• Np. I can recommend the reading. The book covers the majority of topics in Theravada Buddhism. Check out the table of contents and you can find almost anything in there. In-depth and great detailed discourses you will not find but more like an overview or different topics. – Lanka Jun 25 '15 at 16:49
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Am answering this in a general sense.

Most of us perceive "to love" and "being loved" as good.

In Buddhism, without going into talking about Karma, it is an attachment.

You love someone, more or less on the condition that, this person must love you back. If not, what would happen and how many relationships have ended up in tragedy.

Again, am not going into the Karma part of this.

Just speaking in terms of attachment.

Why do we love someone. Again, very generally speaking, first comes into play is the "sense of perception" (i.e. "She is beautiful", "He is just gorgeous, look at his body", etc).

Then, based on that, you conjure up thoughts and feelings that favor and fulfill that "sense of perception" ("No, no, no, he is not bad, I still think he is a good person", "I dunno why, even though she lied to her own mother and has stolen some money in the past, I still think she was just mistaken; deep inside, I think she is a good person. She is just lost and having a bad time in the moment. I think she is nice. Give her a chance").

Again, speaking very generally, you would do whatever to please her / him, doing things that you wouldn't normally do - that's one suffering (a debt, if you will).

And:

Then just to please her, you try to lavish her with items you don't normally buy. For example, a leather bag, leather shoes, a gorgeous diner, etc etc. Think of these actions, behind these, someone / thing had to suffer / die for you, for your fulfillment of pleasing her.

Again, putting Karma aside.

Let say you are normally a very calm person, knowing how to avoid conflicts and ease things. But since you are with a girl now, you need to become / become competitive and more aggressive (i.e. if she complains that a guy at the train station is looking at her, you would need to stare at his guy back, when normally if you were being stared at, you had your own way to avoid conflict and stay calm).

Attachment stacks up, likewise sufferings.

And so, let say you still decided to do all of the above and is OK for you, then if one day she so happens to do something that doesn't please you back, all of what you have done for her rush at you in thoughts and your anger arises ("You know I love you, how much have I done for you?, I I I, did this; when I was sick, I still went to you and I I I". And she also "I I I".).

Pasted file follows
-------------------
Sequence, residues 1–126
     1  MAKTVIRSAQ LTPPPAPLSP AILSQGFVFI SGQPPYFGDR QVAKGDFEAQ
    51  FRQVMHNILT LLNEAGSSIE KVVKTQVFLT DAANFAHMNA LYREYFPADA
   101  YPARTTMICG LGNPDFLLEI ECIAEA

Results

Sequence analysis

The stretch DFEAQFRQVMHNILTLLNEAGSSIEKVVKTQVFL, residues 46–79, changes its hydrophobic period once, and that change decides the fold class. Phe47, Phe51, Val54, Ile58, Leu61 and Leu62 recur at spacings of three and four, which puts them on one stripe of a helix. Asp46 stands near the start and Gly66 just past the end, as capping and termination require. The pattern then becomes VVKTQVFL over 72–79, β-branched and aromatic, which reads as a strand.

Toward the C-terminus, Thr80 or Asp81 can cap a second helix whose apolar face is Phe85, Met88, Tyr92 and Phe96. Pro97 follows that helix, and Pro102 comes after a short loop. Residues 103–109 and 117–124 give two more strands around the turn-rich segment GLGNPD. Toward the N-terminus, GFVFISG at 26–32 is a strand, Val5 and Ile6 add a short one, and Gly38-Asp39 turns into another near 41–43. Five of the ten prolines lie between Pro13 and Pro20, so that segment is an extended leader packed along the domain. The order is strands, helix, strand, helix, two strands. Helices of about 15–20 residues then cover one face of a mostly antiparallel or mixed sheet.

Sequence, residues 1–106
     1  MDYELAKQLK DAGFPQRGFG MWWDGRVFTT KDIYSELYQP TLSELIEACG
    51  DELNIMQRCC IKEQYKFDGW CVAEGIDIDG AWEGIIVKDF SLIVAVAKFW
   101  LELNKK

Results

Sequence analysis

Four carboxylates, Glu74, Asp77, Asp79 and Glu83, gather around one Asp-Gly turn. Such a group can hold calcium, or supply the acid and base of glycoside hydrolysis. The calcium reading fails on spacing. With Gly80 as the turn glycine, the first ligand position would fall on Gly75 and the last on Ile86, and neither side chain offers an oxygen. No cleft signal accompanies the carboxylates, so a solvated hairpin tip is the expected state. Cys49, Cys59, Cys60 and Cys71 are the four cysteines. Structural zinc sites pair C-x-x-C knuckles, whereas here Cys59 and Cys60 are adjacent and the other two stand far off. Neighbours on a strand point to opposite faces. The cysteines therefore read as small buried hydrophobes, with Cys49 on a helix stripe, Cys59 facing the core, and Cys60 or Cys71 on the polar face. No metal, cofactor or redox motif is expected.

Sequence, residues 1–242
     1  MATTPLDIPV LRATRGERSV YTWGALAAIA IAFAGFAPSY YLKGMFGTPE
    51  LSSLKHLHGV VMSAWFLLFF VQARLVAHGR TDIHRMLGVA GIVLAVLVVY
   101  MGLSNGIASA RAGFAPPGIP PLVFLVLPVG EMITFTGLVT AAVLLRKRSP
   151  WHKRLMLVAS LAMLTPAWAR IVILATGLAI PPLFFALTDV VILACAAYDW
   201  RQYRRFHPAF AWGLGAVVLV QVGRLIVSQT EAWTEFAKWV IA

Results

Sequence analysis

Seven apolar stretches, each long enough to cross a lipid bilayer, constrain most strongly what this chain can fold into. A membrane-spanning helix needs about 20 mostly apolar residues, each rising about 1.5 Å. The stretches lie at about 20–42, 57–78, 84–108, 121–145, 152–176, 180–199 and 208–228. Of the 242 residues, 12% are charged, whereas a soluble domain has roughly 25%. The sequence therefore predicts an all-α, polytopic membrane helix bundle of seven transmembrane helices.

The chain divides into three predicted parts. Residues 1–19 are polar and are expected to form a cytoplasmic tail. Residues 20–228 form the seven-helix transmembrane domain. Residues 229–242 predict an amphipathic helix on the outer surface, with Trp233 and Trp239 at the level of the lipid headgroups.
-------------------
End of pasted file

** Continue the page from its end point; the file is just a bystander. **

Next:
From now from, it cycles further.

Then, at the very very last thought before you decided to leave her, your first sight (the beauty of her) comes to "conciliate" your decision of leaving this relationship. And it goes on like this.

Let say somehow it turns out OK and you and her have kids. It is another attachment stacked up.

You need to raise them. The stress, etc etc, forces you to do something you don't normally do and against your will.

Again, putting aside Karma and be very general:

You need to fulfill your kids' needs (food, toys, clothes, iPad?). And now you need more money. Normally you work and that's it, but suddenly money is important and thus your job and a raise; so, you start office politics and ooze out some co-workers, who you think might endanger your position). Sufferings to all parties including yourself. Debts.

It goes on and on.

Your kids, who you tried so hard to put into Stanford, turn out to be someone who smokes and drinks on the streets with a guitar, living day by day by stealing. Another attachment that causes sufferings here - your "kindness" to your kids are not reciprocated. You disown them, and they in turn off and on shout at you, etc etc.

Or: they turn out to be graduates from Stanford. But not visiting you enough afterwards, not saying to you enough "thank you, papa" and your anger arises.